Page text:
Presentation on theme: "Verbals. Participles A participle is a form of the verb, but it functions as an adjective. A participle, like your basic adjective, answers the question."— Presentation transcript:
Participles A participle is a form of the verb, but it functions as an adjective. A participle, like your basic adjective, answers the question which one?, what kind?, or how many?
Why aren’t squirming tapeworms digested in the intestines? Even though squirming is a verb form, it actually answers the question what kind? About the noun tapeworms. Since squirming is a verb form that functions as an adjective, it’s a participle.
There are two types of participles, present and past. Present participle – generally ends in ed, but, some irregular ones exist like (shaken, broken, paid) Jane complained, “ My misguided accountant advised me to invest in sock; but, darn it, the sock sector unraveled, and my stinking stock flopped.”
Another example The badly shaken spiders scurried from the worn shoe when they saw five humongous, wiggling toes descending upon them. Wiggling is a present participle that describes toes. A present participle is always regular ending with in ing. Both shaken and worn are irregular past participles. Each is a form of a verb (shake, wear), but neither has the typical ed ending.
A participle by itself can’t be the verb of the sentence. To function as a verb, a participle must be accompanied by a helping verb. Howie is snorting like a chortling pig. Snorting is part of the verb, is snorting. Is snorting is the main verb of the sentence. Chortling is a participle that describes pig.
Participle Phrases Like a participle, a participle phrase acts like an adjective to modify a noun or pronoun. Wearing a sheet with eyeholes, little Manfred went trick-or-treating as a mattress.
Beware… Remember a participle phrase can come at the beginning, middle, or end of a sentence, but the phrase should be close to the word or words it modifies. Otherwise, you create a dangling modifier.
Wrong: Dressed in high heels and a tight black dress, Bubba escorted Edna into the theater. Right: Bubba escorted Edna, dressed in high heels and a tight black dress, into the theater.
Wrong: Swimming in the aquarium, Peabody observed the octopus. Right: Peabody observed the octopus swimming in the aquarium.
Gerunds…WHAT????? Like a participle, a gerund is a form of a verb. Don’t be fooled, though. It actually functions as a noun in the sentence. Gerunds like some participles, end in ing. The difference between a gerund and a participle is simply the way each is used in a sentence. A participle functions as an adjective – a gerund functions as a noun.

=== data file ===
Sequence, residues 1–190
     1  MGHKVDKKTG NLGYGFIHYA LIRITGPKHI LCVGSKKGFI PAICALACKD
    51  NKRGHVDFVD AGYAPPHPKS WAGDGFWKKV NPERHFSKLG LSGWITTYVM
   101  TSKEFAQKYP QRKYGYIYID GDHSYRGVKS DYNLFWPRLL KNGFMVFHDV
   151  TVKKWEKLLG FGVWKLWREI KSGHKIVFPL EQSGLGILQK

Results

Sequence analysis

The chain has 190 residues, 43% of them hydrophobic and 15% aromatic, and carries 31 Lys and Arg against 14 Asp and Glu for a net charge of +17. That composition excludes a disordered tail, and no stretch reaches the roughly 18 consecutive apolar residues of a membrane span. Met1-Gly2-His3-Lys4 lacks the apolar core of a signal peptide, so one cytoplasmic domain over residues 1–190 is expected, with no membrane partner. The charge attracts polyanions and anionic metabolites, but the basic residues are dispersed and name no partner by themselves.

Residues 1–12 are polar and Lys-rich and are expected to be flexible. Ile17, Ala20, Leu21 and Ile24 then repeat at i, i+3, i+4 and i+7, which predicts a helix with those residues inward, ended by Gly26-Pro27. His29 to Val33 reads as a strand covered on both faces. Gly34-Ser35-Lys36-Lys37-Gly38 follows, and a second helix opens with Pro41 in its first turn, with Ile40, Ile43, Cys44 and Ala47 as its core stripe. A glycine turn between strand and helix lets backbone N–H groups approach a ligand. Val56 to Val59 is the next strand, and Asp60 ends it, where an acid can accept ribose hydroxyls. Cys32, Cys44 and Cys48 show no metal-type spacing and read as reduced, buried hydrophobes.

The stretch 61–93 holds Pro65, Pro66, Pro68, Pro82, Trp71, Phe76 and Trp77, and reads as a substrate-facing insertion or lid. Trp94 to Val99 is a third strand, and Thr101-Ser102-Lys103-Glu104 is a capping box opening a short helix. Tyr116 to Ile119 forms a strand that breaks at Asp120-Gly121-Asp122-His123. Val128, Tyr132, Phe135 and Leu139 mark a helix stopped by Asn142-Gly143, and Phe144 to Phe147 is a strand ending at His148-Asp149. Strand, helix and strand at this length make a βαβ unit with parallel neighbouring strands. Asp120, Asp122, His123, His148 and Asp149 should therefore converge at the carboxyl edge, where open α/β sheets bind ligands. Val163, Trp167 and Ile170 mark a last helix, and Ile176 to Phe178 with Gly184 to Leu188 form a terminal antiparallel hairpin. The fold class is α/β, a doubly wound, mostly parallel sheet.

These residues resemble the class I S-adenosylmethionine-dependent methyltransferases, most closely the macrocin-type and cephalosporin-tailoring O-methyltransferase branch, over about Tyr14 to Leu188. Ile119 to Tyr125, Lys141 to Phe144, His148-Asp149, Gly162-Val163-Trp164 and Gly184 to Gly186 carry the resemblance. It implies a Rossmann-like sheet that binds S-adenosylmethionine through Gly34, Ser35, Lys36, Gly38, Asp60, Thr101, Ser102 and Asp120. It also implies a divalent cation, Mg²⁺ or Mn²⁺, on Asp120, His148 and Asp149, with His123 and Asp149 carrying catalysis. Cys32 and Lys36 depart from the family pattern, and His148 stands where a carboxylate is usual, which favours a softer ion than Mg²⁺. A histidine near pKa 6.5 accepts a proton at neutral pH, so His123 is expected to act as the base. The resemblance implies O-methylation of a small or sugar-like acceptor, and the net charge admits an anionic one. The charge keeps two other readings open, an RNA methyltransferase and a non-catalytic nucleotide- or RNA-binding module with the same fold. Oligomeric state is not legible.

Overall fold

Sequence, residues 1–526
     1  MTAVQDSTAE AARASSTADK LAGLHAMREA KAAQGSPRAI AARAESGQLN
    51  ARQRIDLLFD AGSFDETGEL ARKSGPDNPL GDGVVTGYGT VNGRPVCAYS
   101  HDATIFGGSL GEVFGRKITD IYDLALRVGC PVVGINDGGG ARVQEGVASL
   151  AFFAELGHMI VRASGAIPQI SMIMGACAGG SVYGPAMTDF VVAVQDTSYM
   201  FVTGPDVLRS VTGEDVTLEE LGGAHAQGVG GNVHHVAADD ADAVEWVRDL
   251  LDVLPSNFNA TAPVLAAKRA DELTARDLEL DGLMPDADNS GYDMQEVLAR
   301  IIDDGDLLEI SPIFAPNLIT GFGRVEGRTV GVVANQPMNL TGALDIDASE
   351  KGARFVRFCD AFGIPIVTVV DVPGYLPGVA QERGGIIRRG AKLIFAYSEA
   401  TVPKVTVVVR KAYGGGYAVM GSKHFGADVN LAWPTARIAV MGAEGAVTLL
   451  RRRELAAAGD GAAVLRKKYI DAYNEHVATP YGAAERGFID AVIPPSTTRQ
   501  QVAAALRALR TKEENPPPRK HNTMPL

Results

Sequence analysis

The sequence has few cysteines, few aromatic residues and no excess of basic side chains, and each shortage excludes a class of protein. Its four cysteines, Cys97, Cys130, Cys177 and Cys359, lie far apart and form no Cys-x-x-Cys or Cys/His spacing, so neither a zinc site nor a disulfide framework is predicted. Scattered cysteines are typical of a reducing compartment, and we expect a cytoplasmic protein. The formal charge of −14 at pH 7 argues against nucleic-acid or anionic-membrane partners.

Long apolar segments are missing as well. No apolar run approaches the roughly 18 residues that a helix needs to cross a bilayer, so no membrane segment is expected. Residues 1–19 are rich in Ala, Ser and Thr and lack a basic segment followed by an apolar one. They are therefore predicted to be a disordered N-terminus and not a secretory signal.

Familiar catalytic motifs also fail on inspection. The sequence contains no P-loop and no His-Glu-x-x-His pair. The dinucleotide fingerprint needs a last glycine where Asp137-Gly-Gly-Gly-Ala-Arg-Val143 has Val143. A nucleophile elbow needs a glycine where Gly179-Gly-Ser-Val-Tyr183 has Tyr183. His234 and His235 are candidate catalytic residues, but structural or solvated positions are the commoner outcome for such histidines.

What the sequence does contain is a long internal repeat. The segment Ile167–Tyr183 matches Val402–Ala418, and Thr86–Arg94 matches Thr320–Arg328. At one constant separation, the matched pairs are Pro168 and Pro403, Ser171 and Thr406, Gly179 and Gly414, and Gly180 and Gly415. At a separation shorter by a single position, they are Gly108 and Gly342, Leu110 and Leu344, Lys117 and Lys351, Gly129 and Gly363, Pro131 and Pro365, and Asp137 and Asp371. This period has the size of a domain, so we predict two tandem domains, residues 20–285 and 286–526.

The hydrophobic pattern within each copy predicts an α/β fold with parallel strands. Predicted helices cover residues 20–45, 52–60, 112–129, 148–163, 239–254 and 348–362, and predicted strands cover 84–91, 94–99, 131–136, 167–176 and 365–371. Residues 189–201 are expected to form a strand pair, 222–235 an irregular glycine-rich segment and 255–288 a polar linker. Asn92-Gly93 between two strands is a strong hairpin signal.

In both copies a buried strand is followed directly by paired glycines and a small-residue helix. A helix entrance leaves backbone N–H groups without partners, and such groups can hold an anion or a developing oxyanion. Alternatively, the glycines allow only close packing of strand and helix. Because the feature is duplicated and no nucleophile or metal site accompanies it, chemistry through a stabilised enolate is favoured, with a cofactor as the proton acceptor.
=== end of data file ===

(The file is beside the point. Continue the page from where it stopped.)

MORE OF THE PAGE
Examples Gerund: Drooling is rude. Drooling is a gerund because it’s used as a noun, the subject of the sentence. Participle: Drooling and spitting, the baby reached for the fuzzy stuffed guppy. Drooling is used as an adjective to describe the noun baby. Spitting, likewise, is used as an adjective to describe baby. Verb Phrase: The baby is drooling in to the mashed carrots. In this case, drooling is not a gerund or participle. It’s part of the verb phrase is drooling. Is drooling is the main verb of the sentence.
Gerund Phrases A gerund phrase consists of a gerund and all of its complements and modifiers. Gerund: Walking is good for your health. Gerund Phrase: Walking across a busy freeway, can be harmful to your health.
Another… A gerund or a gerund phrase is used in the same position that a noun is used in a sentence. Like a noun, a gerund or gerund phrase might function as a subject, direct object, indirect object, object of the preposition, or predicate nominative. Subject: Sitting on burning ashes causes rashes and hot flashes. Direct Object: The judge forbids snoozing, sneezing, and snoring in his courtroom.
Object of the preposition: Rhonda won first place in the rodeo for riding a rodent. Predicate nominative: Wakefield’s favorite hobby is photographing fruitcakes.
Infinitives An infinitive generally consists of the word to followed by a verb: to giggle, to wiggle, to hobble, to gobble, etc.
Beware… It’s easy to mistake a prepositional phrase beginning with to for an infinitive. Here’s a valuable piece of information: to followed by a noun or pronoun is a prepositional phrase, and to followed by a verb form is an infinitive.
Examples Infinitive: The muscular mice threw dice to scare away the advancing lice. Prepositional Phrase: The unusually fit lice tossed the dice back to the surprised mice.
An infinitive an function as a noun, adjective, or adverb within a sentence. Noun: To belch is rude. (subject) Truman tried to belch. (direct object) Figaro’s favorite activity is to belch. (predicate nominative) Adjective: Molly made the decision to belch. (To belch modifies the noun decision) Adverb: Hogs are happy to belch. (To belch modifies the adjective, happy) Patsy politely left the party to belch. (to belch answers the question why? About the verb left.
An infinitive phrase consists of an infinitive plus all of it modifiers and complements. To ride a roller coaster with a rhinoceros is risky. The infinitive phrase is acting as a noun. It’s the subject of the sentence. Notice that the entire phrase includes the infinitive to ride, its complement, a roller coaster, and a prepositional phrase, with a rhinoceros.
Jack and Jill went up the hill to fetch a feisty ferret. The infinitive phrase, to fetch a feisty ferret, acts as an adverb that answers the question why? and the verb went.
To avoid calling attention to himself, Rutherford sometimes wears a paper sack over his head.